Developing Strength: February 2016 Programming Notes

If you have yet to download the 2016 Level 1 Programming, you may do so here.

Powerlifting To Get Strong

This month, we are focused on leveraging 4 lifts for strength development: Back Squat, Deadlift, Strict Press, and Bench Press. The word “Powerlifting” is a bit of a misnomer as these lifts are typically performed without much explosiveness (i.e. power) unlike the Olympic lifts, which require a tremendous amount of power in order to be performed with heavy loads.

Why Two Presses?

These days, the sport of Powerlifting only includes 3 of the 4 lifts we are utilizing this month: Back Squat, Deadlift, and Bench Press. Way back in the day, the sport actually used the Strict Press instead of the Bench Press. But, competitors found that they could lift more weight in the Strict Press by employing excessive “lay-back”, which is essentially a hyper extension of the back that resembles a standing bench press with no bench. It then became difficult for judges to determine how much “lay-back” was permissible so they did away with the Strict Press altogether and replaced it with the Bench Press.

Both press variants are extremely valuable for upper body strength development and that’s why we’re using both in our training. 

Tempos, Bands, Burnouts, and Other Variants

You will perform variants of the aforementioned lifts in the form of changing tempo, adding band resistance, and changing range of motion. The higher level goal of all these variants are the same: to provide a different stimulus and force the body to adapt to something new. Training variance is proven to provide a much better stimulus (and result) on the body than merely performing the exact same movement pattern over and over.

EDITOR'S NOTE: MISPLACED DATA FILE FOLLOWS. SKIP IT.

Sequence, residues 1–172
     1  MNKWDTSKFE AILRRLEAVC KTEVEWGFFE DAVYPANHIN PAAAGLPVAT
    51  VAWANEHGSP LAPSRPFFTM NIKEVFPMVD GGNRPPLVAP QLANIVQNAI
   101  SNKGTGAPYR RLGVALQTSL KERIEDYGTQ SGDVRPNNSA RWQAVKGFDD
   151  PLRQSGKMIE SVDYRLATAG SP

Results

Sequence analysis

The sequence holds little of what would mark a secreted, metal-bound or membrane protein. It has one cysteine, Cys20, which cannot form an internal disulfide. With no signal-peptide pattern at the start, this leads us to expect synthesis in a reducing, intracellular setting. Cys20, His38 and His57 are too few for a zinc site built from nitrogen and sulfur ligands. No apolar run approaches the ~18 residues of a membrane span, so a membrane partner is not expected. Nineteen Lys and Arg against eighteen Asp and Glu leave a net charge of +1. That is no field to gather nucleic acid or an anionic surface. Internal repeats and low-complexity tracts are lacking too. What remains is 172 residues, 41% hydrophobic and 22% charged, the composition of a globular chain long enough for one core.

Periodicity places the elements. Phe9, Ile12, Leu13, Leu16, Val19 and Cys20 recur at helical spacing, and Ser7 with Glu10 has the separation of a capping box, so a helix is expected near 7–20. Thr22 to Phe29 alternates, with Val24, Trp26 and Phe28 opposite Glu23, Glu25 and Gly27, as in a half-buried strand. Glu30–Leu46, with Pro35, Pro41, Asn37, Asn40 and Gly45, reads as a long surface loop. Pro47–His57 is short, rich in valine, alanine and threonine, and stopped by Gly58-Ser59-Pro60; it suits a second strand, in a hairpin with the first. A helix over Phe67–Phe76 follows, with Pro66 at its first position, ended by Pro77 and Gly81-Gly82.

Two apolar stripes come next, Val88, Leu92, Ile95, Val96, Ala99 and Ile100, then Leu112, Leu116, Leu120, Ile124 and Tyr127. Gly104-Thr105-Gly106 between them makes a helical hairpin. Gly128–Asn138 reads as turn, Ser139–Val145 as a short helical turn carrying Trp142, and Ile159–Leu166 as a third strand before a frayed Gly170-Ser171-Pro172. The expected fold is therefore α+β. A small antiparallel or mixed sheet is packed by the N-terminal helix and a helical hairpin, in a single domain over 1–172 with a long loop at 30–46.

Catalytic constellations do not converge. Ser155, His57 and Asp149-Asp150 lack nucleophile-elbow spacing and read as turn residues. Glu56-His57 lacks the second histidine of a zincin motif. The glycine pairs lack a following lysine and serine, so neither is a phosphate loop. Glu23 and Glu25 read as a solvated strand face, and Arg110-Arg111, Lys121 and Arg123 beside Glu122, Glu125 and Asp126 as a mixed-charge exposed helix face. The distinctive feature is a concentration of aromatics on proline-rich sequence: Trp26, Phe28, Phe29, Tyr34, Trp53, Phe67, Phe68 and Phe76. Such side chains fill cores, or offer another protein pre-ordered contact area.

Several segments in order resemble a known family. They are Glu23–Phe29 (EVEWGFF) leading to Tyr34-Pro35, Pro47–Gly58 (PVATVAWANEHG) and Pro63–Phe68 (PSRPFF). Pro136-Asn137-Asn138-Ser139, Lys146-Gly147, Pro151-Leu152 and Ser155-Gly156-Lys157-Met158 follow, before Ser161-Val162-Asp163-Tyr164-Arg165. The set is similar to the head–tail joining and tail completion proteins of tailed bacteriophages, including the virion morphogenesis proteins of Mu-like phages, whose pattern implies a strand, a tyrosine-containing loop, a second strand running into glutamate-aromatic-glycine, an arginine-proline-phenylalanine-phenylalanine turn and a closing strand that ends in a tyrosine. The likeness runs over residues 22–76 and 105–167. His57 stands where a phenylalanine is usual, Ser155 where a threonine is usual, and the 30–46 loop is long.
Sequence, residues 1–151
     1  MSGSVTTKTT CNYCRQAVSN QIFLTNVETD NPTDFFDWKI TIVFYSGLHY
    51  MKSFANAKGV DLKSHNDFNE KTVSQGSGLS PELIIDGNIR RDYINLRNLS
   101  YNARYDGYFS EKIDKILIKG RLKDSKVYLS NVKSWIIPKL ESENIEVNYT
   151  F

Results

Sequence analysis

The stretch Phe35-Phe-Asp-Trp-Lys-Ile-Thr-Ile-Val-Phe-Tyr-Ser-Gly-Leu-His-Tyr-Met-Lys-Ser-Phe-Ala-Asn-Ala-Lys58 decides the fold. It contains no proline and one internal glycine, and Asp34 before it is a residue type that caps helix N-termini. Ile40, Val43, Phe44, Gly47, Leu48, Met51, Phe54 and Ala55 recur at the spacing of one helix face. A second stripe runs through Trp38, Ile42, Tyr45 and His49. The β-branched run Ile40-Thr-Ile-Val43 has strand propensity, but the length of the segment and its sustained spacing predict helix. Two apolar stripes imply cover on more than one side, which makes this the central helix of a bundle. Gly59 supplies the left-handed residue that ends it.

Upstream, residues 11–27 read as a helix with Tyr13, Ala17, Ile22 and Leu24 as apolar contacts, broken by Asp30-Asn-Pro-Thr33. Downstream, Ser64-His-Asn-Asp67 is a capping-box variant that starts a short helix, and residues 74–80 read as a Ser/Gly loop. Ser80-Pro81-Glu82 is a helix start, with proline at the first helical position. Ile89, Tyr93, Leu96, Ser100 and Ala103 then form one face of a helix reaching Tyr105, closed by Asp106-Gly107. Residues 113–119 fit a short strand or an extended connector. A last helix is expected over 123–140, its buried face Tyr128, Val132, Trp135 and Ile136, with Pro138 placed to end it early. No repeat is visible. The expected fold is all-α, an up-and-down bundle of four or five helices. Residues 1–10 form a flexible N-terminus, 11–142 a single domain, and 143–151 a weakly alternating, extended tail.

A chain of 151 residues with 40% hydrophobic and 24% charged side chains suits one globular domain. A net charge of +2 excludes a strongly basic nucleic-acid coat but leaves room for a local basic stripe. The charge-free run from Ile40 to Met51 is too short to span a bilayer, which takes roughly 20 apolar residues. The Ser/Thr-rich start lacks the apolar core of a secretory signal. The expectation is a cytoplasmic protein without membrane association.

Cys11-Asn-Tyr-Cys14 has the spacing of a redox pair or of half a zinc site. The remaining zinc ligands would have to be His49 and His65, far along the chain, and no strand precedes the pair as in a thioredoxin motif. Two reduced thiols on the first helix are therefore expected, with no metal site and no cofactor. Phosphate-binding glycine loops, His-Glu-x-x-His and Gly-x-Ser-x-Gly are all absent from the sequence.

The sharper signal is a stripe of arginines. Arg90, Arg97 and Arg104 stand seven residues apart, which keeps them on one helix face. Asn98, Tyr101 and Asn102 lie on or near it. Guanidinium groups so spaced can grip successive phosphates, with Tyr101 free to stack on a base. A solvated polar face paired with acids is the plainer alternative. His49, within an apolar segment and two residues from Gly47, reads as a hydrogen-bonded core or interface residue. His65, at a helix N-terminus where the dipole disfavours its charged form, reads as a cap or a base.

With that said, whenever a new stimulus is introduced keep in mind that you should use working loads that are lower than what you would do normally to accommodate for the extra stress on the body. 

Total It All Up

I’ve programmed a couple CrossFit Total days at the start and at the end of the month. The Total is the sum of your best completed weight at three lifts: Strict Press, Deadlift, and Back Squat. It is the most commonly used Strength benchmark in CrossFit and serves as a good indicator for how you’re coming along in Strength development. While a cycle of 4 focused weeks is pretty short to develop significant Strength gains, I’m confident many of you will be able to set new PRs come month end. Keep in mind that there are 10 pillars of fitness in CrossFit. Strength, while important, is only 1 of the 10. 

There are many naysayers out there in the fitness world claiming you cannot develop both strength capacity and “cardio” capacity in tandem. Our goal this month is to prove them wrong. :)


If you have any feedback regarding the programming that you’d like to share, please contact me directly at Love it or hate it, I wanna hear about your experience.